The last Prickly Pear, the former university yearbook, came out in 2008 and ever since the yearbook hasn’t been back. That could change if Julia Kennedy, sophomore English major from Lubbock, is able to get people on campus to support her bill.
Kennedy said as sophomore class president she presented a resolution to congress to bring back the Prickly Pear because “students [would] benefit from having a yearbook to look back from, and it was wonderful worthwhile tradition, and a great memory for ACU alumni and no longer doing it partially disconnects us from our old members of ACU,” and congress was on board but now she has to get people to support it.
Kennedy said although she is in the beginning stages of the bill, she is talking to administration and might send out a campus vote through email, because she wants “to know if people want it and appreciate it.” After the vote, depending on the results, the bill will pass only if students agree with her bill.
However, an annual yearbook isn’t easy to produce, according to those who have worked with the Prickly Pear in the past. There needs to be financial support and full commitment year round.
Cheryl Bacon, chair of the Department of Journalism and Mass Communication, worked for the Prickly Pear for 27 years as a student on staff, assistant advisor and then as a faculty advisor. Bacon was the one who made the decision to end the publication and said it was the right decision because it wasn’t serving an academic purpose in the department and there weren’t enough students buying the yearbooks.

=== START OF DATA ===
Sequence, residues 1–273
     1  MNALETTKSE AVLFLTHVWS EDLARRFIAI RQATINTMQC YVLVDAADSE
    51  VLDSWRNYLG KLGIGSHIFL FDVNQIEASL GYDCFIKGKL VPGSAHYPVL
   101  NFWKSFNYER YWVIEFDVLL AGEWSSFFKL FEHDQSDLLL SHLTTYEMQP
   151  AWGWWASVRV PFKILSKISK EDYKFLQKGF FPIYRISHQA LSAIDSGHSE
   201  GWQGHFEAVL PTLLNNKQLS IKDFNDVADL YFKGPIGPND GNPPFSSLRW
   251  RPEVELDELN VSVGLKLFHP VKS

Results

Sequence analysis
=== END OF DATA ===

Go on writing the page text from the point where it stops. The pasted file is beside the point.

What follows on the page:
“I was really sad that we had to go to the point to discontinue it,” said Bacon. “I was really fond of the Prickly Pear and it was a valuable historical document for the university, but it didn’t meet an academic need for the department anymore.”
Bacon said yearbook sales at ACU and other colleges nationwide had been on the decline for about ten years when the decision to discontinue publication was made.
Bacon said that back in the 70s and 80s there were over 2,000 Prickly Pears sold every year but by the time they were going to discontinue the yearbook about only 350 were sold.
The problem was the cost and rise of social media, particularly Facebook, Bacon said.
“It allowed students to keep your pictures, and keep your stories, and the people they did it with and they saw that they didn’t need for the book.”
Many of the yearbook publishers also went out of business, including the one ACU used for the Prickly Pear. Bacon said the Journalism and Mass Communication department has no interest in taking the publication and she doesn’t think it can come back.
Cade White, journalism and mass communication instructor, was a faculty advisor for the last Prickly Pear.
White said the yearbook was operated in the JMC department and didn’t get much support from the university because the yearbook paid for itself and so did advertising.
“When we finally decided to stop making the book, we all knew that it would someday come back but we just didn’t know when or who’s power authority that would happen but I would say the biggest reason it died would be that it became cost prohibitive,” said White.
However, White said that schools that have never cut their yearbook was because “those schools usually were publishing their book not necessarily out of a journalism or communications department, it was usually a product of alumni or student life that it came from a different part of the university.”
“I don’t think there is a way for it to be successful again and I think the costs of bringing it back would be absolutely prohibitive,” said Bacon.
Although the future of bringing back the Prickly Pear looks dim, Kennedy said if the bill doesn’t pass it’s because of money, but she said she would still pursue a “digital way to document it.”